Spokespeople from Mexico’s National Commission of Natural Protected Areas and National Institute of Ecology and Climate Change either declined requests for interviews, did not respond to emailed questions, or did not follow through on promises to arrange interviews or respond to questions. One institute employee said that staff had been told not to speak to the press on the topic, even though the institute and its parent agency, the Ministry of Environment and Natural Resources, have a history of supporting borderlands conservation and have published materials critical of the U.S.’s border wall efforts. Employees of Mexico’s Secretariat of Foreign Affairs did not respond to emailed questions and a request for an interview.
The Mexican government’s acquiescence has disappointed conservationists. “The president, Peña Nieto, is saying we won’t pay for the wall. That’s the extent of the wall argument, officially. And for me that’s very poor,” List said. “The issue should not be who will pay for it. The issue should be this shouldn’t be built.”
Something there is that doesn’t love a wall
Rancho Los Fresnos is a 4,000-hectare (9,884 acre) wildlife reserve abutting the U.S.-Mexico border in Sonora. The conserved area includes a portion of the Sky Islands archipelago — rolling grasslands, woodlands, with an extensive number of desert springs, making it an important source of water for the region. The reserve harbors more than 280 migratory bird species, 68 reptile and amphibian species, and 87 mammal species. Puma (Puma concolor), lynx (Lynx rufus), and beaver (Castor canadensis), which Mexico lists as in danger of extinction, all call the reserve home. Los Fresnos also shelters several amphibian species that are dwindling north of the border, according to Carreón-Arroyo of Naturalia, which acquired the property in 2006.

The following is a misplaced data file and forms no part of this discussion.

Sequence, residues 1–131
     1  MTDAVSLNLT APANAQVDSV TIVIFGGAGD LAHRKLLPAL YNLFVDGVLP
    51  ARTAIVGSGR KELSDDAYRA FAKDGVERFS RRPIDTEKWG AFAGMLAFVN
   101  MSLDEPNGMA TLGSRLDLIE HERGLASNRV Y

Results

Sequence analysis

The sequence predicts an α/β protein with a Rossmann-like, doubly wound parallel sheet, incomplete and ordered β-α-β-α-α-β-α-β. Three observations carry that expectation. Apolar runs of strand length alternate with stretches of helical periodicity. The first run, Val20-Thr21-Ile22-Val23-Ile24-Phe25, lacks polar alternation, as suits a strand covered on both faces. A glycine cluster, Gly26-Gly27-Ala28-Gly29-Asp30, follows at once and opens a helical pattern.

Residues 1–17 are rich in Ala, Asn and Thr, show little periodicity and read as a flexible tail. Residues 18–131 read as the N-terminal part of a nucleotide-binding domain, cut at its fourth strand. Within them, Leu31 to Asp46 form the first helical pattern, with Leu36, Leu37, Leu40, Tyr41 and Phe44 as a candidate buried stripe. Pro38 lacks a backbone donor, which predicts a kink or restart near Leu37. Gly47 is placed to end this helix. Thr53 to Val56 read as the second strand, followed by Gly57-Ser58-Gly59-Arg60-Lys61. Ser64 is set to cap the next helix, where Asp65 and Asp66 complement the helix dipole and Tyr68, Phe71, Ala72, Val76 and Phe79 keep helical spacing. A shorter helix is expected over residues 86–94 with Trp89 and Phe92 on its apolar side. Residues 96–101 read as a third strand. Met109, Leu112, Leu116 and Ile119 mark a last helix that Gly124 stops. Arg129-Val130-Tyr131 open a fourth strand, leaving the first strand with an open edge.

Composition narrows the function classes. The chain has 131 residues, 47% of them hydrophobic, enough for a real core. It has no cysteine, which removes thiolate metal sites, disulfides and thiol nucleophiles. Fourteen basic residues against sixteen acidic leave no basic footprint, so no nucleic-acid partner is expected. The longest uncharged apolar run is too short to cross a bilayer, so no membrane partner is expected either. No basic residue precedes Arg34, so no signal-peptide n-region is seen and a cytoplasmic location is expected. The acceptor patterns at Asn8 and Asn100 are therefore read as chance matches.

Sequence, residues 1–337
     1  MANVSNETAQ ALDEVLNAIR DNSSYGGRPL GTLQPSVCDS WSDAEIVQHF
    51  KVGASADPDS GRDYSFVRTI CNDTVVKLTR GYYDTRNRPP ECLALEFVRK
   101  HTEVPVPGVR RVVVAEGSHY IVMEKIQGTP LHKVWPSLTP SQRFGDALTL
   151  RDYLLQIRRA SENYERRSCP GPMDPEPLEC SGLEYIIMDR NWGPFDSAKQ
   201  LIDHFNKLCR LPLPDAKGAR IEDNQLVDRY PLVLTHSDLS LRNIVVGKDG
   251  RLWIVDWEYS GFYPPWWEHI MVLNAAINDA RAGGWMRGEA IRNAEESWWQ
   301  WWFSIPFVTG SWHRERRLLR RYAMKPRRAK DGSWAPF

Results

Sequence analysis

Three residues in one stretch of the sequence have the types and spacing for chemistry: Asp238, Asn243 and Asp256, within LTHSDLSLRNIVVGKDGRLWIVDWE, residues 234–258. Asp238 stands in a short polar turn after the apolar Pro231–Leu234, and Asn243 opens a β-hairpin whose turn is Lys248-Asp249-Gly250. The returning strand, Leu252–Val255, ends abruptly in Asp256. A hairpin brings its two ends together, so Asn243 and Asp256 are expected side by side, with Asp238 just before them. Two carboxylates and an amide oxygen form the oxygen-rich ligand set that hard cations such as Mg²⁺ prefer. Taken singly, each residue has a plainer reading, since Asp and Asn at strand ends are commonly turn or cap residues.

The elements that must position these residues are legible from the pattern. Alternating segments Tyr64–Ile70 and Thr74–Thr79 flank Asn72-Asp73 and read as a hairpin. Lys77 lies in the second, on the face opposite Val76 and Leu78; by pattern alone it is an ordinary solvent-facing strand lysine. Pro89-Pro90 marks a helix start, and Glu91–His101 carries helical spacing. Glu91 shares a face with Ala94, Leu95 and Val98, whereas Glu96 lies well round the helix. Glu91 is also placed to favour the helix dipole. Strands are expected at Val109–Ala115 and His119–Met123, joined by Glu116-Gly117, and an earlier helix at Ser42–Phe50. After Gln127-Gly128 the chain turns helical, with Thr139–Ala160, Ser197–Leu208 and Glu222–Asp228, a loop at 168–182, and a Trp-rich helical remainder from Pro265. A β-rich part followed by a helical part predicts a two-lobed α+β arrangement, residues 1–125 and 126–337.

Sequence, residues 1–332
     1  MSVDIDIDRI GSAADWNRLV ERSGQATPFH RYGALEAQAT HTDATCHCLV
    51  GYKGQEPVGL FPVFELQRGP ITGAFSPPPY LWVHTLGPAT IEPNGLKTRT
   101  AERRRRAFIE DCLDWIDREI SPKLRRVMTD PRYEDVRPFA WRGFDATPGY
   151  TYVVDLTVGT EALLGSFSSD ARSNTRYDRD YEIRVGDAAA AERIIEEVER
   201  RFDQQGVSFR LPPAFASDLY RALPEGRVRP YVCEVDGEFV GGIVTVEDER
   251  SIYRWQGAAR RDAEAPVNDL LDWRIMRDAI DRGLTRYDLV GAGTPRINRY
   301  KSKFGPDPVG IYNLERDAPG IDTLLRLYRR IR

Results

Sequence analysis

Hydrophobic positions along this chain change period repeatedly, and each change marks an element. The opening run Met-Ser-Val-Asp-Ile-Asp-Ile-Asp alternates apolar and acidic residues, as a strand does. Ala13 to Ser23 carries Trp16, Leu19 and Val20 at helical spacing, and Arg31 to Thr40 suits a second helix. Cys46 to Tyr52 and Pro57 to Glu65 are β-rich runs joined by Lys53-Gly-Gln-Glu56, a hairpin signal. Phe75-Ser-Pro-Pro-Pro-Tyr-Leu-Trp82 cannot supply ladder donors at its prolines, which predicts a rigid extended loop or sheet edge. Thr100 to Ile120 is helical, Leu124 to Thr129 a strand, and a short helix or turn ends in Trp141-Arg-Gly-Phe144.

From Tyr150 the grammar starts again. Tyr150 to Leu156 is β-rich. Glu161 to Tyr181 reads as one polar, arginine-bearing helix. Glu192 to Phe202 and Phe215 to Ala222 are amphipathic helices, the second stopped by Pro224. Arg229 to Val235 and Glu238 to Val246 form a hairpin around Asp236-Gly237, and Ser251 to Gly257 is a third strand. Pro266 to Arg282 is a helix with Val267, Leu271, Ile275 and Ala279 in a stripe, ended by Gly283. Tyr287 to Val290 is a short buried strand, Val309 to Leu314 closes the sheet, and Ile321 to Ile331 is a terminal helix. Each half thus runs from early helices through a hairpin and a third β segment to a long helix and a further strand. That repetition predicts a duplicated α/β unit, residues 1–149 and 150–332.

Today, a permeable Normandy barrier marks the six-mile (nearly 10-kilometer) international border at Los Fresnos, and Carreón’s chief desire is to keep it that way. He dreads the extension of the 18-foot-tall impermeable border walls stretching out into the wild from the nearby towns of Nogales, Agua Prieta, and Naco.
These walls not only block wildlife, said Carreón, but also disrupt water flow. Border walls were blamed for devastating floods in Lukeville, Arizona, and Sonoyta and Nogales, Sonora, in 2008. “Right now this [nearby] barrier is still permeable, and it’s still friendly for wildlife and the conservation of the area,” he added, “But … the wall is surrounding this important little region of the San Pedro River Basin.”
A hardened border closing off Los Fresnos would irreparably harm the area’s wild and human residents, likely damaging a water source vital to nearby cities and agricultural interests, Carreón-Arroyo said. He argued that the existing barrier is sufficient for blocking vehicles, and that the U.S. government has already invested heavily in surveillance technology and personnel, making a more formidable wall unnecessary in the area.